Saturday, September 19, 2020
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Mental health care on the rise on campus

Mental health diagnoses and treatment of college students increased substantially between 2007 and 2017. More than one-third of students reported a diagnosed condition in 2016-2017, according to a study published online today in Psychiatric Services in Advance.

The comprehensive nationwide study, published in the journal Psychiatric Services, draws on 10 years of data from the Healthy Minds Study, an annual web-based survey involving more than 150,000 students from 196 campuses across the US. The study authors, led by Sarah Ketchen Lipson, PhD, with Boston University School of Public Health, found that from 2007 to 2017:

  • Mental health diagnoses increased from 22 percent to 36 percent
  • Treatment increased from 19 percent to 34 percent, with similar patterns for both therapy/counseling and medication use
  • Suicidal ideation increased from 6 percent to 11 percent
  • Mental health stigma decreased

Rates of both perceived and personal stigma decreased over time from 64 percent to 46 percent and from 11 percent to 6 percent, respectively. Perceived stigma was measured by agreement with the statement “most people think less of a person who has received mental health treatment,” and personal stigma was measured by agreement with “I would think less of a person who has received mental health treatment.” While the authors note the decreasing stigma and increasing mental health problems contribute to increased service use, they did not address the reasons behind those changes.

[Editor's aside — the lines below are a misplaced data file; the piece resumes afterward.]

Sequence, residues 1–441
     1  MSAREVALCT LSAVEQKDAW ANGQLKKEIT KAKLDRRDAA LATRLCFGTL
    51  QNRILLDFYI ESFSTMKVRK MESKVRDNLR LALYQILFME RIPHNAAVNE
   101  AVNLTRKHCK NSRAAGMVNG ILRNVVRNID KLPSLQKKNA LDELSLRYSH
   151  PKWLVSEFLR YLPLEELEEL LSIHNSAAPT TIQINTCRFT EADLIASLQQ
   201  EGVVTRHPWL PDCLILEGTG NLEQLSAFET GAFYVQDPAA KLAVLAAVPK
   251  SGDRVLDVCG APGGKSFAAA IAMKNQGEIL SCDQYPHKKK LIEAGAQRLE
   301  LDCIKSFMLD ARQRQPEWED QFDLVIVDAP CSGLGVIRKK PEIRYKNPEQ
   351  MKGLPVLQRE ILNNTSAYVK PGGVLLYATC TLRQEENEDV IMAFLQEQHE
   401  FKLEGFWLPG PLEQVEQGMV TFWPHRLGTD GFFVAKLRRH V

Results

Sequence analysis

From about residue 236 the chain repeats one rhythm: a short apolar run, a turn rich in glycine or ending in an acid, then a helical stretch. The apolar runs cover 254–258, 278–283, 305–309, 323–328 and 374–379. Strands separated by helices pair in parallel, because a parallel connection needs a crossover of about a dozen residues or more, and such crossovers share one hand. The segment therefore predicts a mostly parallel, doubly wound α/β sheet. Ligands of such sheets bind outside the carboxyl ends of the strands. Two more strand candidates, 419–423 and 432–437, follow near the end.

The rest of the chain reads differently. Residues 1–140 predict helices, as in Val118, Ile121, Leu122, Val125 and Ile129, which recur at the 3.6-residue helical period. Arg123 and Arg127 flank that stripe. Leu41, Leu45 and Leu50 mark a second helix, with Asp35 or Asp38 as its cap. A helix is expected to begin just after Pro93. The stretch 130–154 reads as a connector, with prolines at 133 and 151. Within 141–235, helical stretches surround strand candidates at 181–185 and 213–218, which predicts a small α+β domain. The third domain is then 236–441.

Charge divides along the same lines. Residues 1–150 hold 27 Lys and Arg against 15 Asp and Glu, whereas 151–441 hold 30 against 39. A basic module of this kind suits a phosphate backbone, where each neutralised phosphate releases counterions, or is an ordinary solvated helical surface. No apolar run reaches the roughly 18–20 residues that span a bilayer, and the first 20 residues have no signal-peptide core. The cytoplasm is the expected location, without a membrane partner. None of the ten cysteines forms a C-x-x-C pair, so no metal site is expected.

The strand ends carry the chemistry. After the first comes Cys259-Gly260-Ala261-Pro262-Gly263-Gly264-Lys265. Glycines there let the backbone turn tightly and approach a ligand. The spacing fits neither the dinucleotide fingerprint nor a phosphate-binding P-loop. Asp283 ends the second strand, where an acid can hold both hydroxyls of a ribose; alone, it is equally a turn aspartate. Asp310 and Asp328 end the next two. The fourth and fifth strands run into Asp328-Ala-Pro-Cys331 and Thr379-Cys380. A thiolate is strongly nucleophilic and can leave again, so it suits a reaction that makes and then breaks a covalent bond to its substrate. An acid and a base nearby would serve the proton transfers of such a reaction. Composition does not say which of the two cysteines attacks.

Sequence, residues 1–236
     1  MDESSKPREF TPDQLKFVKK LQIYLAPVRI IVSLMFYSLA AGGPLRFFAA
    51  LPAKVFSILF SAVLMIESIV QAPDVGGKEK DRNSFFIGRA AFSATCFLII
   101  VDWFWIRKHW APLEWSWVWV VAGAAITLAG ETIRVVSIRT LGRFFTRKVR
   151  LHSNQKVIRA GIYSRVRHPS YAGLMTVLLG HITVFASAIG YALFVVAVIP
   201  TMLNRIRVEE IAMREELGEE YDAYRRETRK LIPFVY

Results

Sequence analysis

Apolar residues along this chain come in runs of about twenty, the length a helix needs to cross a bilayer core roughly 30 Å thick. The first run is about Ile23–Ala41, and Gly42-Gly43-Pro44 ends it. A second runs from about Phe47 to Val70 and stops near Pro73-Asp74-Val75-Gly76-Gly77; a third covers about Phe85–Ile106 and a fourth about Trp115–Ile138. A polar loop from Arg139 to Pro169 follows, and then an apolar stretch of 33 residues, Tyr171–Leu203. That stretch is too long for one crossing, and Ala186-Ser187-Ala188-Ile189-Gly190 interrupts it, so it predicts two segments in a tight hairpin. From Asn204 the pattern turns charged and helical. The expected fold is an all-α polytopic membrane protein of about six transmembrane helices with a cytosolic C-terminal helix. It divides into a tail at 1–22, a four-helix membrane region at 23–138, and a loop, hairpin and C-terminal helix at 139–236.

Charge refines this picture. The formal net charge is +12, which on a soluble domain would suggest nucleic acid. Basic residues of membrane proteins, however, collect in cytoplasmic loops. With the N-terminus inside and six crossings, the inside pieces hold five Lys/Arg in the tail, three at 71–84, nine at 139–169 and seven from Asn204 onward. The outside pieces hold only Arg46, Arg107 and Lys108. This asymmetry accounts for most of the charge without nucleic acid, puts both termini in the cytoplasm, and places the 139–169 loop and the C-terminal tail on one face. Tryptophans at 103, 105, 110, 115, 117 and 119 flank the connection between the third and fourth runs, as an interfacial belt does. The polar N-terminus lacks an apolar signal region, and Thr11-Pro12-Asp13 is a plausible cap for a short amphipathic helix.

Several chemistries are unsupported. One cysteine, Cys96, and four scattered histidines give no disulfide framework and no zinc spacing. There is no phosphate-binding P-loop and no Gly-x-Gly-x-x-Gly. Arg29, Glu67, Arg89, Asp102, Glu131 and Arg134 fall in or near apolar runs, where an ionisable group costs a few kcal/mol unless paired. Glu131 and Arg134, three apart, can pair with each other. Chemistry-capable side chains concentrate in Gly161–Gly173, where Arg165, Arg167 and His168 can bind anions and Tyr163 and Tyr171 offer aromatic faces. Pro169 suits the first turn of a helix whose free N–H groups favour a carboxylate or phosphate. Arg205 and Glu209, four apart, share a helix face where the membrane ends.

The most common location for receiving services was on campus. Nearly 12 percent of students reported using services of their campus counseling center in 2016-2017, about 9 percent used other mental health services, and about 1 percent accessed emergency psychiatric services.

“The trends revealed in this study have strained counseling centers across the country, as many are under-resourced and operate at full capacity with waitlists for much of the year,” according to the authors. They suggest that in addition to expanding capacity, increasing use of “preventive and digital mental health services, such as those delivered via mobile apps,” could help address the need.

Paul Katula is the executive editor of the Voxitatis Research Foundation, which publishes this blog. For more information, see the About page.

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